Saturday, April 2, 2011


Even the most optimistic part of my brain couldn't have expected this. The Minnesota Twins were always going to be a good measuring stick to start the year. They were the 2010 AL Central champs, and have 2 of the better, and more consistent hitters in baseball (Mauer, Morneau)

The first 2 games have not even been close. Our beloved Jays have had their way with the usually scrappy Twins.

It all started in the bottom of the 1st on Friday night. Rajai Davis showed that he has bought into the "Hustle and Heart" mantra by running out an infield single. Nobody on last years' team is even close on that play, and he was safe by a step. Davis took it to the next level even before another pitch was thrown. Carl Pavano picked him off cleanly, but rather than a half-hearted slide, or simple jog down to second, Davis battled through a run-down (and tweaked an ankle) to get back into first. Before another Jay had a chance to swing a bat, Davis had fully planted himself between the ears of Pavano. Pavano quickly ate himself immediately afterwards, leaving a pitch over the plate to Escobar, walking Bautista on 5 pitches, and hitting Lind. By the time Pavano composed himself, it was already 4-0 Jays.

Moneyball followers will tell you that stealing bases goes against all the statistics. There is an excellent body of research that demonstrates this from a statistical point of view. But I highlight Davis' escapades in the first last night to show that statistics can't tell you what is going on inside the heads of players. There is a mental component to the game that never shows up in the box score. If Davis were picked off, or caught stealing, it would have been easy to point to the needless risk, and the lower probability of scoring a run. Instead, Davis sparked a huge rally, and basically sewed up a win in the first inning.

Moving to the rest of the game, it was a party for the next 7.5 innings. Bautista and Lind went back-to-back in the 5th. JP Arencibia continued to make good first impressions. Somebody needs to convince him that every game is his first of something! Everyone played well. It was a great way to generate some goodwill in the city, and hopefully draw some bigger crowds for the rest of the year.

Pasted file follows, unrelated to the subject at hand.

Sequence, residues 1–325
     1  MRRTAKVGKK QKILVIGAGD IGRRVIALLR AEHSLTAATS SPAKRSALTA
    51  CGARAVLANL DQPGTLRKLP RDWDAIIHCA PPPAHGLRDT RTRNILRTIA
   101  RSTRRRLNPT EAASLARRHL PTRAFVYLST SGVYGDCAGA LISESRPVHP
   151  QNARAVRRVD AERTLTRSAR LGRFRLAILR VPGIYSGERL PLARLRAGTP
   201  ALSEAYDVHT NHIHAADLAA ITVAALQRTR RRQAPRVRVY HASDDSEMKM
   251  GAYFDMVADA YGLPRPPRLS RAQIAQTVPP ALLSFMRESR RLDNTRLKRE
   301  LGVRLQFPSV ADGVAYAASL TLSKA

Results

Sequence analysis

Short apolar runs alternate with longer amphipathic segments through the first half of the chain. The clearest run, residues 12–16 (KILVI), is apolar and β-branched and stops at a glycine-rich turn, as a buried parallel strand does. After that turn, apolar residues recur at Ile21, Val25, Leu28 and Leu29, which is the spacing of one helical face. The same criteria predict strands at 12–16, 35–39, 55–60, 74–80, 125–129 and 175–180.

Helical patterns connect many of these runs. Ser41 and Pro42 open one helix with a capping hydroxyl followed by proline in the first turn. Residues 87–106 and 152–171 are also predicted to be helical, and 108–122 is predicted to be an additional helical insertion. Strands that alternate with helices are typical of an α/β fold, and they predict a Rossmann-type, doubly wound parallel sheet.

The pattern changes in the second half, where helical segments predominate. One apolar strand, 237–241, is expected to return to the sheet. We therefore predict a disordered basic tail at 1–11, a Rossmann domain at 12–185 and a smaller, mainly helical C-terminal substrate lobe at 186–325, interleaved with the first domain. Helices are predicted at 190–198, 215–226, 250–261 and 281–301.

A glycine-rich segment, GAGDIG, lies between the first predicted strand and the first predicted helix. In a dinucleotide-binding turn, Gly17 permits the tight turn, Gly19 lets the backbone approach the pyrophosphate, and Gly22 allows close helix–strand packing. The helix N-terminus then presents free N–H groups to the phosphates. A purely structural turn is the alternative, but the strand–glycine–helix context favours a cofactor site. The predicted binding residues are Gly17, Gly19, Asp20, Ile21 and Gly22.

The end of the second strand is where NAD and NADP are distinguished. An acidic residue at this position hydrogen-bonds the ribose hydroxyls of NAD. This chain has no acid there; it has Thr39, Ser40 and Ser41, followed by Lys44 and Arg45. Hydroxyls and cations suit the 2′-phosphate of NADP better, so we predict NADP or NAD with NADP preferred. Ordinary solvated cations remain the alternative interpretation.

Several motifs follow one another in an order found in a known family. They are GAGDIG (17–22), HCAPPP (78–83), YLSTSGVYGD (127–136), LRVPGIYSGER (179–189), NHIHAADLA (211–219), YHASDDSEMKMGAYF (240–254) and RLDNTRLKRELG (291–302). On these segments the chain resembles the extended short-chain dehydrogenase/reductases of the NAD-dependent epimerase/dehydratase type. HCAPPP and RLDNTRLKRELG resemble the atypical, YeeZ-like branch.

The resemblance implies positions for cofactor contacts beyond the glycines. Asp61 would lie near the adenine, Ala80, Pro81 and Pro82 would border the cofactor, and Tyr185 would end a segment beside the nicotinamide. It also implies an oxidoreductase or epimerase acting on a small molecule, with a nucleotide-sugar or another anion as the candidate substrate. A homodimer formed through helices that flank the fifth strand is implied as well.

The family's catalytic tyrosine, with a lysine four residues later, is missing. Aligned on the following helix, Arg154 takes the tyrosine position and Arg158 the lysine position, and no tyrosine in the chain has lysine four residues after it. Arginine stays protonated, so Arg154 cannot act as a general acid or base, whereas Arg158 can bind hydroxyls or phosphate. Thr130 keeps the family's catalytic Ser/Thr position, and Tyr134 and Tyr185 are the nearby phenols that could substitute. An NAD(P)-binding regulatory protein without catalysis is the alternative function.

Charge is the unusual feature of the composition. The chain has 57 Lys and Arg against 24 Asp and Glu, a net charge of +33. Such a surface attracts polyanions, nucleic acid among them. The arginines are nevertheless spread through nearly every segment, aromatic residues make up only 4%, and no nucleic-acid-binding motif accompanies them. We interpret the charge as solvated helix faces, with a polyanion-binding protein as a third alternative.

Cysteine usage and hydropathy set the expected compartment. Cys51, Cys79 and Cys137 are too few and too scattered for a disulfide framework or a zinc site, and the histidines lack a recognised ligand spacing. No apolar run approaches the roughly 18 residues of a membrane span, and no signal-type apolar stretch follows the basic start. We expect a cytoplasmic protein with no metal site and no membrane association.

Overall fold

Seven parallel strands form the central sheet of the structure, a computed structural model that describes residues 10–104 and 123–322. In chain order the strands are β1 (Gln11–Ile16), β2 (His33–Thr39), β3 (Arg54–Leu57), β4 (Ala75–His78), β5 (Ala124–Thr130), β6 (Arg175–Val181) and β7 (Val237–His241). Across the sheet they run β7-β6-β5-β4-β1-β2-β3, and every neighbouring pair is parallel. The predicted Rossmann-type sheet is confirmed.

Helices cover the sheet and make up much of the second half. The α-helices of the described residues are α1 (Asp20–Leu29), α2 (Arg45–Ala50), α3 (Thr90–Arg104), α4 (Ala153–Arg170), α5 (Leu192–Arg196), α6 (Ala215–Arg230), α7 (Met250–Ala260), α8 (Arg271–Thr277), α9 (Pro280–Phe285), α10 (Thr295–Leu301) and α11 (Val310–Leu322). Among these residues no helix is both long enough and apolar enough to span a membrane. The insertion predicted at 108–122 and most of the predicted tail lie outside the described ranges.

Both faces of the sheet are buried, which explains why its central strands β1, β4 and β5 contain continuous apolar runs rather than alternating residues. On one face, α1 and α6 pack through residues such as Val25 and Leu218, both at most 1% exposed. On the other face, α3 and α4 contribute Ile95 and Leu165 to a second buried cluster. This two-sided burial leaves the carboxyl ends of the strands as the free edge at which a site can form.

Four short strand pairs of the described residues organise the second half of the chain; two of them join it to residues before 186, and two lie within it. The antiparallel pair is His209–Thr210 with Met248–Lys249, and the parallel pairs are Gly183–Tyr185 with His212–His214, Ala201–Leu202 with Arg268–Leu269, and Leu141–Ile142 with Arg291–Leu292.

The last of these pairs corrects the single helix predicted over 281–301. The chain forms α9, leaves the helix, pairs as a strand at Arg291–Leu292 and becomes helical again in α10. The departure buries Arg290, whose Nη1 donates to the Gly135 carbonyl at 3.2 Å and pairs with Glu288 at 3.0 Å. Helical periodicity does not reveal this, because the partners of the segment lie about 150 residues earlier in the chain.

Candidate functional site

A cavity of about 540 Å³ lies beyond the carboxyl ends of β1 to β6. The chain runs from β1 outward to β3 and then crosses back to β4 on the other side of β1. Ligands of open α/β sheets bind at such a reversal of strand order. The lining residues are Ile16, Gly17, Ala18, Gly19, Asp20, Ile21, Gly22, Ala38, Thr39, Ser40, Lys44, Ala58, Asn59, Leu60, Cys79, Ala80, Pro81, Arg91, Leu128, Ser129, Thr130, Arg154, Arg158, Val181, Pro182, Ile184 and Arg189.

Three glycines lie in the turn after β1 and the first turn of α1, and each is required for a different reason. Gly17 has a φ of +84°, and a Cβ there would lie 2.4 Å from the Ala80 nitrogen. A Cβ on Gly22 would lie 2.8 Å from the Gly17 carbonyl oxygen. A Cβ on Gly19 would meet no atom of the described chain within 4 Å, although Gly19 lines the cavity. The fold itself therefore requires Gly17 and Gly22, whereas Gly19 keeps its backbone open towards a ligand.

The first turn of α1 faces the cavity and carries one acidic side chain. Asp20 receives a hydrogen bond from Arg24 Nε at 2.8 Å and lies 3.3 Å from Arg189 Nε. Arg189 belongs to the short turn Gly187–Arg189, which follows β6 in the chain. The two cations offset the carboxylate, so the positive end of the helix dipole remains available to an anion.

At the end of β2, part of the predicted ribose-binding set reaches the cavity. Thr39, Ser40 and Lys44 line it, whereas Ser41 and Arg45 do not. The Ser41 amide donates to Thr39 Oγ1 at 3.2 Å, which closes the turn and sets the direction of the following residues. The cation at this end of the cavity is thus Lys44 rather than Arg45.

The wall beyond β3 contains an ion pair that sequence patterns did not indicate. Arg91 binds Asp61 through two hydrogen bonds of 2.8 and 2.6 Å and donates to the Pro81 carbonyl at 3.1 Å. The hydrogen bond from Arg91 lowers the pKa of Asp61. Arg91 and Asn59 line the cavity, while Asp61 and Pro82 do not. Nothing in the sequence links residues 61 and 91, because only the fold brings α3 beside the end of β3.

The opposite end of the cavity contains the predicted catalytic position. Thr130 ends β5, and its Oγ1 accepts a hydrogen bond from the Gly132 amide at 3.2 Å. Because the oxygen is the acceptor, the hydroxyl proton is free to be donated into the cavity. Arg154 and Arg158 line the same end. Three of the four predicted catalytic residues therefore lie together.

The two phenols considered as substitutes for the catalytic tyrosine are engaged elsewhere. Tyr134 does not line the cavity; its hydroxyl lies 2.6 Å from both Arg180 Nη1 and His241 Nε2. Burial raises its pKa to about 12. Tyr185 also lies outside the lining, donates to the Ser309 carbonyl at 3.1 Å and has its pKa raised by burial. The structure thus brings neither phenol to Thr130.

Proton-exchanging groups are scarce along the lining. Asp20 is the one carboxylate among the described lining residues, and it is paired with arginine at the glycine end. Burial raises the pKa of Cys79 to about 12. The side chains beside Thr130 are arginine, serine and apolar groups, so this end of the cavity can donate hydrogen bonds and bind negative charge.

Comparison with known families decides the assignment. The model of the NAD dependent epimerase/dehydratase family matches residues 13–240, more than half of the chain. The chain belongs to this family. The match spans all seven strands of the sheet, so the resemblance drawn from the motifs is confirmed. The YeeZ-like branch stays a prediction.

And today's game was also exciting. John Farrell made a controversial decision to sit Snider, and overall didn't regret it. He also quickly re-inserted Travis after Liriano was pulled. This was also a very shrewd move. Farrell kept Snider in the dugout until the previous at-bat ended. This kept the Twins from warming up a Lefty to face Snider. Snider mashed the first pitch he faced into right field, and picked up 2 RBI for his efforts. not bad for his first swing since batting practice!

It would be easy to get caught up in this inertia, but it is worth remembering that it is a VERY long season. There are still 160 games left to play, but a good start is a good start. The Jays are playing the game on so many levels, and it bodes well for future success. I was really worried about my 89 win projection, but less so after seeing the new Jays style. They still have the long-ball threats, but the whole team has bought into a completely new mental game. It's really fun to watch.

Some other notes: Be sure to check out some new Jays blogs that I have found: Angry Birds Baseball (all links on the right side bar) is written by Ethan Rotberg, who designed my new logo. He's actually a writer, and I've read his first 2 posts, They're good. is a great way to follow some of the progress in the Jays' farm system. High Sock Mojo is well written, woman's perspective on the game (so is Hum and Chuck, but everyone reading this should have read Joanna's material by this point.)

If you are on Twitter, check me out @5thstarter. I am really enjoying the dialogue, especially during games. It's like watching the game, and sitting beside 20-30 of the most passionate fans of the team anywhere. Everyone that I follow is a huge fan, and really knowledgeable. I'd invite you to give it a try, and if you hate it, you can always delete your accout like Jose Bautista did. (Heyo!)

So, everyone strap in. It's going to be an amazing ride!


  1. It's great to see the Blue Jays being very aggressive on the basepaths, but I just hope it isn't their downfall. Davis nearing getting picked off last night would have been a bad start, but luckily he hustled his way back in there.

  2. I think just the threat of it gives them a mental edge that can't be accounted for. And it's exciting. Nobody has ever turned off a game because a runner was thrown out.

  3. Thanks again for the mention!

    Is there a small chance we've actually undervalued the team? Every team looks unbeatable when they're doing well on all facets. But still...

    Regardless, just like last year the Jays will be an exciting team to watch, at the very least!

  4. The 5th starter...We'd love to offer you in The FanvsFan Network to cover your BlueJays on this season. If interested, shoot me an email at

  5. I was under the impression that "Moneyball" was opposed to getting caught stealing, but had no problems if the Sb success rate approached 80%.

  6. @ Mathesond: You are actually right, I understood that that moneyball was generally opposed to base stealing.

    In case you were wondering why 80%: The average amount of runs scored (run expectancy) with a runner on first (no out) is about 0.953. if that runner moves to 2nd, no out, the average runs scored improves to about 1.189. This is about a 23% gain. Since the runner has a 20% chance of failure, there is a 3% gain on the play (percentage wise.)